Unfolding on the Mat
Expanded Content and Thoughtful Guidance
have to tell you about this amazing experience I had last week. I went out to Firm Foundations Equine Services in Wimberly, Texas. Lindsey, the therapist there, had reached out to me to see if a collaboration might be something worth exploring. (Hint--yes it is!) My event curator, Angela, and I went out there to see and experience what they do.
We played a little game called "horse handshake." After a brief but informative explanation from Lindsey's partner, Elisa, of how horses communicate, we went and stood in the corral with the horse, Charlie, and attempted to get a "handshake." (We extend our hand in a fist, and if he sniffs our hand and accepts our communication, it's considered a handshake.)
Just standing in the corral trying to get a horse to engage with me took my mind into many creepy crevices of discomfort and uncertainty. I COULD NOT MAKE HIM do anything he didn't want to do. I could not rush him. I couldn't speak his language, I couldn't ask, force, or plead with him to play with me. I stayed--but everything in me wanted to pick up my toys and leave in a huff.
See, I LIKE to be where I understand the game, where I know the rules, and where I can easily foster communication and reach an intended goal.
This was NOT that.
It felt like chaos in my mind. I had no experience to stand on. All I could do was breathe and stare at him while my mind spun a web of uncertainty all around me. "Why can't I make this work??"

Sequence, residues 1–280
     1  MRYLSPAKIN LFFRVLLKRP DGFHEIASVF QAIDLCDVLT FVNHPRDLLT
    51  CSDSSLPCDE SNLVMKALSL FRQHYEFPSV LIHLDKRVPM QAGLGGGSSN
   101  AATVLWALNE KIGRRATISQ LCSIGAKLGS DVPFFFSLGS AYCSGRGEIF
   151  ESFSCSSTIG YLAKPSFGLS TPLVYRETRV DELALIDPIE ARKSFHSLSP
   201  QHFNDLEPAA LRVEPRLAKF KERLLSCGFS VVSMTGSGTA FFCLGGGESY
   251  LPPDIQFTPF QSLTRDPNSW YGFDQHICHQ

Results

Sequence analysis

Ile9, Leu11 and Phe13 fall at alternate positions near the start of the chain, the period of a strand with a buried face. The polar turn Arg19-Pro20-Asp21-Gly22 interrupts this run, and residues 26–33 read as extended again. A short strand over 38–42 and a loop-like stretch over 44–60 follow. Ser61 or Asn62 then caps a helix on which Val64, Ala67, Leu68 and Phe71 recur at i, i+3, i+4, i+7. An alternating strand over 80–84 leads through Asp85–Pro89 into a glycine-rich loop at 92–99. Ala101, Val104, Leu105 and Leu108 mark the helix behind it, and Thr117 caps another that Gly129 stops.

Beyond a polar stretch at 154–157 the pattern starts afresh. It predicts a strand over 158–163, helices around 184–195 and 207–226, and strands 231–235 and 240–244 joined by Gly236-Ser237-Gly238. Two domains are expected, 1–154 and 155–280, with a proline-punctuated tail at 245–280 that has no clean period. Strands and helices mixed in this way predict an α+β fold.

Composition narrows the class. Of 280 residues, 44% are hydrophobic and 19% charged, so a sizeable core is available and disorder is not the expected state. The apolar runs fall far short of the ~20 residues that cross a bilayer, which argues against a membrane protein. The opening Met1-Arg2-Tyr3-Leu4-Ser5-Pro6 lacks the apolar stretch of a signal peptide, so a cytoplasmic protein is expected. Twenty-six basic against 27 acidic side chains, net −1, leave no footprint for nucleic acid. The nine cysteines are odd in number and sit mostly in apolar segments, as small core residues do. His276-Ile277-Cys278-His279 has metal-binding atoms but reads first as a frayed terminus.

So I just kept breathing. And staring... And it got better.
I loosened up my expectations of achieving the goal and just sat with what was. It was a chilly, windy, sunny day and I was staring at a horse eating hay. That's it. The rest was in my mind.
In this week's podcast, I read again from Pema Chodron's book,
Comfortable with Uncertainty. The first line of of the fourth teaching is,
"The central question of a warrior's training is not how we avoid uncertainty and fear, but how we relate to discomfort."
Well I found out I want to RUN AWAY! I want to seek security and a place where I know the rules and can play the game! Like most normal humans, I want to get away from doubt and fear.
Now, I could leave the corral anytime. But that's not always the case. Sometimes there's nowhere to run, no matter how hard we try. The only thing to do is stay and breathe and have compassion and patience. As Pema puts it,
"We can bring ourselves back to the spiritual path countless times every day simply by exercising our willingness to rest in the uncertainty of the present moment--over and over again."
May you learn to "relax in the midst of chaos," and "be cool when the ground beneath you suddenly disappears."
Jessica lives, has a family, and teaches yoga in Austin, Texas.